up-to-date with respect to `', and this is already the case.
   What we need is a rule that forces a rebuild when `data.h' is
missing.  Here it is:
     data.h: data.c
             @if test -f $@; then :; else \
               rm -f data.c; \
               $(MAKE) $(AM_MAKEFLAGS) data.c; \

   The above scales easily to more outputs and more inputs.  One of the
output is picked up to serve as a witness of the run of the command, it
depends upon all inputs, and all other outputs depend upon it.  For
instance if `foo' should additionally read `' and also produce
`data.w' and `data.x', we would write:
     data.h data.w data.x: data.c
             @if test -f $@; then :; else \
               rm -f data.c; \
               $(MAKE) $(AM_MAKEFLAGS) data.c; \

   There is still a minor problem with this setup.  `foo' outputs four
files, but we do not know in which order these files are created.
Suppose that `data.h' is created before `data.c'.  Then we have a weird
situation.  The next time `make' is run, `data.h' will appear older
than `data.c', the second rule will be triggered, a shell will be
started to execute the `' command, but actually it will just
execute the `then' branch, that is: nothing.  In other words, because
the witness we selected is not the first file created by `foo', `make'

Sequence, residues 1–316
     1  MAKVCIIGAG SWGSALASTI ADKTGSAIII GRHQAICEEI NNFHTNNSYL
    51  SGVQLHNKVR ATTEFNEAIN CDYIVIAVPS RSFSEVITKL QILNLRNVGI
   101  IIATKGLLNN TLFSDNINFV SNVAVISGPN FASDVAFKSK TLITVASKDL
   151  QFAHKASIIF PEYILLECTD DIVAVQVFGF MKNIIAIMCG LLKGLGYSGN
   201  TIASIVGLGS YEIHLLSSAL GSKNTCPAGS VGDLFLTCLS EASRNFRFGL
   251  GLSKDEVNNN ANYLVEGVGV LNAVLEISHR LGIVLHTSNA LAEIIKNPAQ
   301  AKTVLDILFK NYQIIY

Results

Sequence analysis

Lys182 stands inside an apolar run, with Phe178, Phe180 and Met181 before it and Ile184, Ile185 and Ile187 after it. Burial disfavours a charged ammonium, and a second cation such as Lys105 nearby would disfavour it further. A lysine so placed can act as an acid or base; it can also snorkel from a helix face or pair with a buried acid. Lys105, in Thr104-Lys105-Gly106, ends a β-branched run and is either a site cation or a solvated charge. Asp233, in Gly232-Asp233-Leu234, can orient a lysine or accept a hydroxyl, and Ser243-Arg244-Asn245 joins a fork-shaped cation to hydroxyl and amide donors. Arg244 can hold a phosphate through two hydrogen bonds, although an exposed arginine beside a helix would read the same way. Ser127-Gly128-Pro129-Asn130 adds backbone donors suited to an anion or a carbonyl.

will start a shell to do nothing each time it is run.

   A simple riposte is to fix the timestamps when this happens.

     data.h data.w data.x: data.c
             @if test -f $@; then \
               touch $@; \
             else \
               rm -f data.c; \
               $(MAKE) $(AM_MAKEFLAGS) data.c; \

   Another solution, not incompatible with the previous one, is to use a
different and dedicated file as witness, rather than using any of
`foo''s outputs.
             @rm -f data.tmp
             @touch data.tmp
             @mv -f data.tmp $@
     data.c data.h data.w data.x: data.stamp
             @if test -f $@; then \
               touch $@; \
             else \
               rm -f data.stamp; \
               $(MAKE) $(AM_MAKEFLAGS) data.stamp; \
   `data.tmp' is created before `foo' is run, so it has a timestamp
older than output files output by `foo'.  It is then renamed to
`data.stamp' after `foo' has run, because we do not want to update
`data.stamp' if `foo' fails.

   Using a dedicated witness like this is very handy when the list of
output files is not known beforehand.  As an illustration, consider the
following rules to compile many `*.el' files into `*.elc' files in a
single command.  It does not matter how `ELFILES' is defined (as long
as it is not empty: empty targets are not accepted by POSIX).

     ELFILES = one.el two.el three.el ...
     elc-stamp: $(ELFILES)
             @rm -f elc-temp
             @touch elc-temp
             $(elisp_comp) $(ELFILES)
             @mv -f elc-temp $@
     $(ELCFILES): elc-stamp
             @if test -f $@; then \
               touch $@; \
             else \
               rm -f elc-stamp; \      
               $(MAKE) $(AM_MAKEFLAGS) elc-stamp; \

Alexandre Duret-Lutz